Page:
Risk of menopause and dementia: here’s what you need to know

In the United States, approximately 6 million adults aged 65 and older have Alzheimer’s disease. Nearly two-thirds of them are women — a gap that researchers have long attributed to genetics and women’s longer lifespans, among other reasons. But there is a growing consensus that menopause may also be an important risk factor for the development of dementia later in life.

Women going through the phase of life, which is clinically defined as the end of fertility, face as many changes in the brain as in the ovaries, said Dr. Lisa Mosconi, a neuroscientist and director of the Women’s Brain Initiative at Weill Cornell Medicine. Although the vast majority of women will survive these changes without long-term health consequences, approximately 20% will develop dementia in the decades that follow.

The female brain is rich in estrogen receptors, particularly in regions that control memory, mood, sleep and body temperature, all of which “work wonderfully when estrogen is high and consistent,” said Dr. Dr. Mosconi. Estrogen is also vital for the brain’s ability to defend itself against aging and damage.

The characteristic drop in estrogen during menopause not only alters the functioning of certain regions of the brain, she said, but it is also thought to change the structure of the brain; Analyzes show reduced volume in the brains of postmenopausal people compared to the brains of men of the same age and those of premenopausal women.

These neurological changes may be responsible for some menopausal symptoms, including hot flashes, mood disturbances, and a mild, usually temporary, decline in memory and cognition.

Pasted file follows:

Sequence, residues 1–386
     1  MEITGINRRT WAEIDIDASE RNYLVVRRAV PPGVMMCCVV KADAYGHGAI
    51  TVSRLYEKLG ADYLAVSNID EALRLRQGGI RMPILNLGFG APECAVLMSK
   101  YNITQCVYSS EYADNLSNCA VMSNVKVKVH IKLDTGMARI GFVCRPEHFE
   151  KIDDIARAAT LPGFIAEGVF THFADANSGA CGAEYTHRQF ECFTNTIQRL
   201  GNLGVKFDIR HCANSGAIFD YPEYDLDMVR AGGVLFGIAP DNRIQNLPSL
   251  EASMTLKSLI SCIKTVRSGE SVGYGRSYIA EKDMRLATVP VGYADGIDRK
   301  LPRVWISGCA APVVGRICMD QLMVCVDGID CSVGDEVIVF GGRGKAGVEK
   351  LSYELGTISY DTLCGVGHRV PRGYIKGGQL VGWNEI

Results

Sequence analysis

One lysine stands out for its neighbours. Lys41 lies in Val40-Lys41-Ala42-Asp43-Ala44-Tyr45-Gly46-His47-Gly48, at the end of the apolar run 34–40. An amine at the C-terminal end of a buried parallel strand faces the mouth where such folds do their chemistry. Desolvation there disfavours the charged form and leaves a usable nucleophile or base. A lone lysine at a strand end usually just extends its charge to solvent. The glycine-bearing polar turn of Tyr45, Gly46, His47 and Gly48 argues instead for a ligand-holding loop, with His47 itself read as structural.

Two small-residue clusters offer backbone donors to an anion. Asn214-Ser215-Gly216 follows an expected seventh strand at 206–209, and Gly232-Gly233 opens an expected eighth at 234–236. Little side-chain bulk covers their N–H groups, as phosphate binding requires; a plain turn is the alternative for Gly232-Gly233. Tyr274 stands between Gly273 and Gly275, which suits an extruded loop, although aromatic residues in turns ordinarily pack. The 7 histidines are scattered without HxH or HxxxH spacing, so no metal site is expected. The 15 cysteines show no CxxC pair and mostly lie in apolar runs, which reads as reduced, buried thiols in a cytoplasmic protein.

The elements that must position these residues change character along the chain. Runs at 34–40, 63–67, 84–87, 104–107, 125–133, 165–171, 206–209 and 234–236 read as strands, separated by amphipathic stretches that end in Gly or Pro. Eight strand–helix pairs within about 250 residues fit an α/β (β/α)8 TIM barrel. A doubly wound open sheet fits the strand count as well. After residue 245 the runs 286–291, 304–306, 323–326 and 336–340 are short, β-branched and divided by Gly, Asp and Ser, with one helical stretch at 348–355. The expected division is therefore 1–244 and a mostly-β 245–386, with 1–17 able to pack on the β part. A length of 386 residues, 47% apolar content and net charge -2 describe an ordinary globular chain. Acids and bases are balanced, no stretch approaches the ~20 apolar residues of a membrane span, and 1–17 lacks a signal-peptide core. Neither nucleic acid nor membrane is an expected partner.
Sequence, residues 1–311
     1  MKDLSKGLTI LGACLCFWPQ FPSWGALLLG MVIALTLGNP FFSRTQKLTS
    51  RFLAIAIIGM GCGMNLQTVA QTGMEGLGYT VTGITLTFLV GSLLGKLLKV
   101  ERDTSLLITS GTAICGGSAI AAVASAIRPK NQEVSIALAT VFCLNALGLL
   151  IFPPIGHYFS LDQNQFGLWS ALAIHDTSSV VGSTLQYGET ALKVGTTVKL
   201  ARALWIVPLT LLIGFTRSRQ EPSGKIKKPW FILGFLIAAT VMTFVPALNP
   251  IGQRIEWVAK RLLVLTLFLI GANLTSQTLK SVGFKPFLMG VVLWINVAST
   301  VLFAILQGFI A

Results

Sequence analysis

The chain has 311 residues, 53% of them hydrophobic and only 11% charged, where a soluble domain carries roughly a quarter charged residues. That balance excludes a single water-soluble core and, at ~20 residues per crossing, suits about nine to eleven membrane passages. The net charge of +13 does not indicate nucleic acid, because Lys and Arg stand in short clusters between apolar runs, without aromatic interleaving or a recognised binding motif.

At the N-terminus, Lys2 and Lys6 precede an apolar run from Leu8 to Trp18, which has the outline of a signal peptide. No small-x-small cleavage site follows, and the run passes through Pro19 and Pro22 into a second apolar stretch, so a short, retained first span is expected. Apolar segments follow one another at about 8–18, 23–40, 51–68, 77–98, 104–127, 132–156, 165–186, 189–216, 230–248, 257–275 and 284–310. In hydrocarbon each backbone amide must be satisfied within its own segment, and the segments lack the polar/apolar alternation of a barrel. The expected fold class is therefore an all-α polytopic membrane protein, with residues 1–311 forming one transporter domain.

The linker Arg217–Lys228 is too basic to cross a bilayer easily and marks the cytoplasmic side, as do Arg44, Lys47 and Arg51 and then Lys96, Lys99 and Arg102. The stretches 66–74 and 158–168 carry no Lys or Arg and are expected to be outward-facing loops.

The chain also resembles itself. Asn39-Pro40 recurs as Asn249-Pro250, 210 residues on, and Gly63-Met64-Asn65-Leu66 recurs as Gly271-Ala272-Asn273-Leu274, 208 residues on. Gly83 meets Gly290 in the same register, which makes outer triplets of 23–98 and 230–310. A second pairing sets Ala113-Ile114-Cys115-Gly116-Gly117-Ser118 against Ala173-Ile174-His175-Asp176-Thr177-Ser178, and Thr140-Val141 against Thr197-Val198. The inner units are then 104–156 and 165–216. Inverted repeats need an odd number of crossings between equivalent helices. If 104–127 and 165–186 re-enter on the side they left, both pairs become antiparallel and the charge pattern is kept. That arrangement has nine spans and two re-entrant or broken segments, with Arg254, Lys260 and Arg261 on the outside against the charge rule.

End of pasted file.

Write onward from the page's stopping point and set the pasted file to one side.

They also resemble changes in the brain that precede dementia, Dr. Mosconi said. “Some of the regions of the brain affected by menopause are also regions affected by Alzheimer’s disease,” she said, but the connection between the two is not fully understood.

Menopausal symptoms themselves, such as lack of sleep and hot flashes, have also been linked to dementia. A study published last year found that hot flashes were associated with an increased amount of tiny lesions in the brain, a sign of declining brain health, said Dr. Pauline Maki, professor of psychiatry and director of the women’s mental health research program. at the University of Illinois at Chicago and co-author of the study. A more recent study determined that hot flashes during sleep were associated with an increase in blood biomarkers of Alzheimer’s disease that serve as early indicators of the disease.

Although this research seems alarming, most women’s brains and cognitive functions stabilize after the transition to menopause, Dr. Maki said.

“Consider how many women are postmenopausal – every woman, right? And 80 percent of them will not have dementia,” she said. “We cannot catastrophize this universal transition.”

Beyond that, there are steps you can take to boost your health and cognitive function in the face of declining estrogen.